The study was approved by the human subjects committee of the Los Angeles Biomedical Research Institute at Harbor-University of California, Los Angeles Medical Center. Program directors from 6 residency programs in the Western United States were contacted and surveyed. Data were collected by program directors and/or program coordinators without using any resident identifiers. Variables for graduates from 1999 to 2010 were collected including sex; medical education (US vs non-US medical school); United States Medical Licensing Examination (USMLE) steps 1, 2, and 3 scores; and the American Board of Surgery In-Training Examination (ABSITE) scores (reported as national percentiles) for each postgraduate year (PGY). Remediation was defined as a specific intervention that was in addition to standard resident requirements and that was initiated by the program director owing to an identified deficiency in 1 or more of the 6 ACGME competencies (patient care, medical knowledge, practice-based learning, interpersonal and communication skills, professionalism, and/or system-based practice). A deficiency in an ACGME competency was identified based on a review of each resident's file, including formal evaluations, biannual reviews, and/or any adverse reports or letters. For residents who required remediation, the program director was asked to identify which competency was deficient. The PGY level at which remediation was initiated, the format/type of remediation, and whether the resident required repeat remediation was recorded. Resident attrition was also collected as was whether the resident left the program voluntarily owing to a career change or involuntarily owing to performance issues.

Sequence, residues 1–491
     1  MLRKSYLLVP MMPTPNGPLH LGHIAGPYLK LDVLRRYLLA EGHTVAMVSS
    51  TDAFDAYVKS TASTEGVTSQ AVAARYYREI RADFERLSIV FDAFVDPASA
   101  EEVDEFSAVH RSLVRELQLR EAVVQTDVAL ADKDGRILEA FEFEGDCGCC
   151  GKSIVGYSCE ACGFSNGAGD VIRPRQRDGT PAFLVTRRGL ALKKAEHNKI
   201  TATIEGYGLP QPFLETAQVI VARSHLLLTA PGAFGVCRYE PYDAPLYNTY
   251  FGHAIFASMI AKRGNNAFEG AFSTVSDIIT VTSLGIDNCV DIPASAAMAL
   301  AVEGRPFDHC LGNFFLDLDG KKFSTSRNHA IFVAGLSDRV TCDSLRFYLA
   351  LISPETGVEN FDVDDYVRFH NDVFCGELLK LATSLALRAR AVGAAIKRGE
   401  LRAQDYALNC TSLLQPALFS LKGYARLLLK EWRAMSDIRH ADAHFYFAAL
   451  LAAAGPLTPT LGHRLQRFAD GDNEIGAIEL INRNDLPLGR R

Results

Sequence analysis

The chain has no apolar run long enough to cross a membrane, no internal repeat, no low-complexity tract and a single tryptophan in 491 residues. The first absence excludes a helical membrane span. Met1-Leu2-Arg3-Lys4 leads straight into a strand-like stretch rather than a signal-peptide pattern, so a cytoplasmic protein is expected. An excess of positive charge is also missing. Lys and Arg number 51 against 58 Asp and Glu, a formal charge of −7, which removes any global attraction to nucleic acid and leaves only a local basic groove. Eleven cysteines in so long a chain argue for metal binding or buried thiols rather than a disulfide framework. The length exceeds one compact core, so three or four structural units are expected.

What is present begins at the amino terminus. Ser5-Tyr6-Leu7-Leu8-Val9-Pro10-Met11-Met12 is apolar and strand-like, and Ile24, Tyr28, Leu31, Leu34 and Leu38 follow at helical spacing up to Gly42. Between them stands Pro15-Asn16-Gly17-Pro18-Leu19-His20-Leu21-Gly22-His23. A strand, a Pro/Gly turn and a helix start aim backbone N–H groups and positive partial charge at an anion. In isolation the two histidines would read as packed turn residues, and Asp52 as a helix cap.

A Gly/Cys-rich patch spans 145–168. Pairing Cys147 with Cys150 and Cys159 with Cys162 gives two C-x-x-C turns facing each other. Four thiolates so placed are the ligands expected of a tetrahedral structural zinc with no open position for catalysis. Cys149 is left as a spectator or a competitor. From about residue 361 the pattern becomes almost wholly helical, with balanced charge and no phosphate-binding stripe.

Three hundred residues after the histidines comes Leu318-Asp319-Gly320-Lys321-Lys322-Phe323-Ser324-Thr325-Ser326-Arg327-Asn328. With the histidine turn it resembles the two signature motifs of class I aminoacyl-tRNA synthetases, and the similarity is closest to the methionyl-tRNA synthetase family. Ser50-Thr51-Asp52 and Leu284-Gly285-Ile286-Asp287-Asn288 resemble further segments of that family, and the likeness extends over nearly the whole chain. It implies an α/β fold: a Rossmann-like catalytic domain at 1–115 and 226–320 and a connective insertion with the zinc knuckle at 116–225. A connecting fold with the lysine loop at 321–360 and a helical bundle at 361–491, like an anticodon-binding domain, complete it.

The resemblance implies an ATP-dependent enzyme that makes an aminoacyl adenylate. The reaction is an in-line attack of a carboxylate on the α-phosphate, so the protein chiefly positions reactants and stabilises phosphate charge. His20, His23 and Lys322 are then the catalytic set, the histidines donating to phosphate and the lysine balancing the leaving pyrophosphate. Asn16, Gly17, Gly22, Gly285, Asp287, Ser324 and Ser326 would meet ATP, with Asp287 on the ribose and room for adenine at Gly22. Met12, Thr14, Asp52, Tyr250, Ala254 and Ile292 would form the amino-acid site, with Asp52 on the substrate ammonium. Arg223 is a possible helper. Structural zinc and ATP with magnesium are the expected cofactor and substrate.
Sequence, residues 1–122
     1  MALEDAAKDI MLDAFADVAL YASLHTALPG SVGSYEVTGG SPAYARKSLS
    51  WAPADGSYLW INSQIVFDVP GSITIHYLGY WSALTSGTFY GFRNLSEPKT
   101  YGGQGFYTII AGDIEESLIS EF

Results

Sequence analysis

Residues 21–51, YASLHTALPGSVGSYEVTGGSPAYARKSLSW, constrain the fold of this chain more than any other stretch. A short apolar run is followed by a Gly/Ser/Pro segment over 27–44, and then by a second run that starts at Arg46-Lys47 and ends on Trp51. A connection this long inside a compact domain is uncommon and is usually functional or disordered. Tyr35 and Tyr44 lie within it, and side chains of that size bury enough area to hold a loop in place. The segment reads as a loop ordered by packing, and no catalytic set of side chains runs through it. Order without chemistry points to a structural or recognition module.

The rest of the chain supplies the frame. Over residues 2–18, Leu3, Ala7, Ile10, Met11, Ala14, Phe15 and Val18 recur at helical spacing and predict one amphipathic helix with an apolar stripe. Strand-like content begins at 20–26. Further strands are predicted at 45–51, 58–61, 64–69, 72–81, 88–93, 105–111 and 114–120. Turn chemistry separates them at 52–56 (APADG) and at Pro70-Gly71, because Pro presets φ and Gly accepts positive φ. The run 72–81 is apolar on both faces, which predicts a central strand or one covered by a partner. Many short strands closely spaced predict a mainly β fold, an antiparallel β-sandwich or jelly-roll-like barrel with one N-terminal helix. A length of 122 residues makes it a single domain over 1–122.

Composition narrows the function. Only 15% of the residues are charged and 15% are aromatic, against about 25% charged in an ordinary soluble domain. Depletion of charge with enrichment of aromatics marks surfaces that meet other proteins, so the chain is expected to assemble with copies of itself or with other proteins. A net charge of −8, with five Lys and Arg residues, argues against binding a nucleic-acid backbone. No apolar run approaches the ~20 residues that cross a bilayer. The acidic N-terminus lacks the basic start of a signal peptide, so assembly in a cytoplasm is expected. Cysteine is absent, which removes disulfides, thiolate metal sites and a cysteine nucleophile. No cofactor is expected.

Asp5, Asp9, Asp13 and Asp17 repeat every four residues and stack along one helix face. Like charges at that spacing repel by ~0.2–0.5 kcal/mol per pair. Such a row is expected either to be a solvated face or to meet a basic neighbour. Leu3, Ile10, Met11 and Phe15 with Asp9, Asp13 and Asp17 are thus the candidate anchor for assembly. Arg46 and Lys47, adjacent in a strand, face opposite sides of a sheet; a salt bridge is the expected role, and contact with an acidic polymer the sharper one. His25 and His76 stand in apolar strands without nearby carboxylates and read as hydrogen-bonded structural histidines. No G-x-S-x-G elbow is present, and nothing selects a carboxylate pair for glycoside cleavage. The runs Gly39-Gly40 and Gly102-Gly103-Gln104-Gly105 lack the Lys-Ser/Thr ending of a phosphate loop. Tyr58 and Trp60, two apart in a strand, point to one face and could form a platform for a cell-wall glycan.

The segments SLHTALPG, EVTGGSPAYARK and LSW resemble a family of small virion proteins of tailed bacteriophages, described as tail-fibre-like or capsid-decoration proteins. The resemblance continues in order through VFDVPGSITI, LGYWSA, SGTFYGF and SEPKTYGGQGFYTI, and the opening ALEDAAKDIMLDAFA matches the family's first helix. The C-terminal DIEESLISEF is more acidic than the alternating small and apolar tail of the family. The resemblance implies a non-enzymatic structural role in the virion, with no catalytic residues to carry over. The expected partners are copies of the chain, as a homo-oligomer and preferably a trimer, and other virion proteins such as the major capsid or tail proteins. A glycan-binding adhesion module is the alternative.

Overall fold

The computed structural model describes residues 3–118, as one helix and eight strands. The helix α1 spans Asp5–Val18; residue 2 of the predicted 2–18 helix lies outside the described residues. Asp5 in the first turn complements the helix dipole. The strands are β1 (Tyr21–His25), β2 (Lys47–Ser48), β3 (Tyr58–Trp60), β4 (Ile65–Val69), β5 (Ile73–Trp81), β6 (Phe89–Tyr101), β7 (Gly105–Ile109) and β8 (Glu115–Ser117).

Resident data were collected in an Excel database (Microsoft Corporation) and translated into a native SAS format using DBMS/Copy (Dataflux Corporation). Analyses were conducted using SAS version 9.1 (SAS Institute). Descriptive statistics were calculated for all variables. When appropriate, numerical variables were compared using the nonparametric Wilcoxon rank sum test and are reported as medians with interquartile ranges. Categorical or nominal variables were compared using the χ2 test or Fisher exact test, as appropriate. P < .05 was considered significant. Univariate analysis was performed to determine factors predictive of the need for remediation and predictive of attrition. Factors found to be significant at a level less than .05 were entered into a multivariable analysis.